A group of seven central banks together with the Bank for International Settlements (BIS) today published a report identifying the foundational principles necessary for any publicly available CBDCs to help central banks meet their public policy objectives.
The report, Central bank digital currencies: foundational principles and core features, was compiled by the Bank of Canada, the Bank of England, the Bank of Japan, the European Central Bank, the Federal Reserve, Sveriges Riksbank, the Swiss National Bank and the BIS, and highlights three key principles for a CBDC:
The group of central banks will continue to work together on CBDCs, without prejudging any decision on whether or not to introduce CBDCs in their jurisdictions.
This report is a real step forward for this group of central banks in agreeing the common principles and identifying the key features we believe would be needed for a workable CBDC system. As well as helping central banks to meet their public policy objectives, the report provides a useful framework for how central banks provide money and support payment systems in an ever-evolving digital world. This group of central banks has built a strong international consensus which will help light the way as we each explore the case and design for CBDCs in our own jurisdictions.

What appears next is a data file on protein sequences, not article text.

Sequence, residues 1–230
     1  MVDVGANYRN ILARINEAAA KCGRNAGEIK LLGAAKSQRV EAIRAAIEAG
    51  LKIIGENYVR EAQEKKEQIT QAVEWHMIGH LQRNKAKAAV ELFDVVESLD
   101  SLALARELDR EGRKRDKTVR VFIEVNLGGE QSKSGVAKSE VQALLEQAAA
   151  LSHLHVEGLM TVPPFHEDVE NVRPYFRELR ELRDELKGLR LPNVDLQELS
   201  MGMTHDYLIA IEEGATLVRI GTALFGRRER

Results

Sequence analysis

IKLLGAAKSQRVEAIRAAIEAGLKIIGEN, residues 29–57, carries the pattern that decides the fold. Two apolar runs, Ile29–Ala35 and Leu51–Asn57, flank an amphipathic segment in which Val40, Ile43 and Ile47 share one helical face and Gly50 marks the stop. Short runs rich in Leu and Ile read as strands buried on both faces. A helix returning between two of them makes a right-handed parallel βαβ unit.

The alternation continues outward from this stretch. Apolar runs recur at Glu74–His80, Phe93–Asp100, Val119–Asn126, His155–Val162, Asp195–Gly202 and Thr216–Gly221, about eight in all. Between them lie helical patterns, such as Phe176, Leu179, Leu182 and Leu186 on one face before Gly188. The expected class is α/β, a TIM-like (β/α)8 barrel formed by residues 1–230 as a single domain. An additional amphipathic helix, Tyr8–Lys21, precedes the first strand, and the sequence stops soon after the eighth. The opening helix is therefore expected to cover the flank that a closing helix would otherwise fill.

Sir Jon Cunliffe, working group co-chair, Deputy Governor of the Bank of England and Chair of the Committee on Payments and Market Infrastructures
Based on these principles, the group has identified the core features of any future CBDC system, which must be:
A design that delivers these features can promote more resilient, efficient, inclusive and innovative payments. Although there will be no 'one size fits all' CBDC due to national priorities and circumstances, our report provides a springboard for further development of workable CBDCs.
Benoît Cœuré, working group co-chair and Head of the BIS Innovation Hub
Further development of CBDCs requires a commitment to practical policy analysis and applied technical experimentation. While this has already started, the speed of innovation in payments and money-related technologies requires the prioritisation of collaborative experimentation.
While technology is changing the way we pay, central banks have a duty to safeguard people's trust in our money. Central banks must complement their domestic efforts with close cooperation to guide the exploration of central bank digital currencies to identify reliable principles and encourage innovation. The present report is a convincing proof of this international cooperation.
Christine Lagarde, President of the European Central Bank, chair of the group of central bank governors responsible for the report
Future activities will include exploring other open questions around CBDCs and the challenges of cross-border payments, as well as continuing outreach domestically and with other central banks to foster informed dialogue on key issues. Work by the BIS Innovation Hub, which serves the broader central banking community, will contribute to this objective.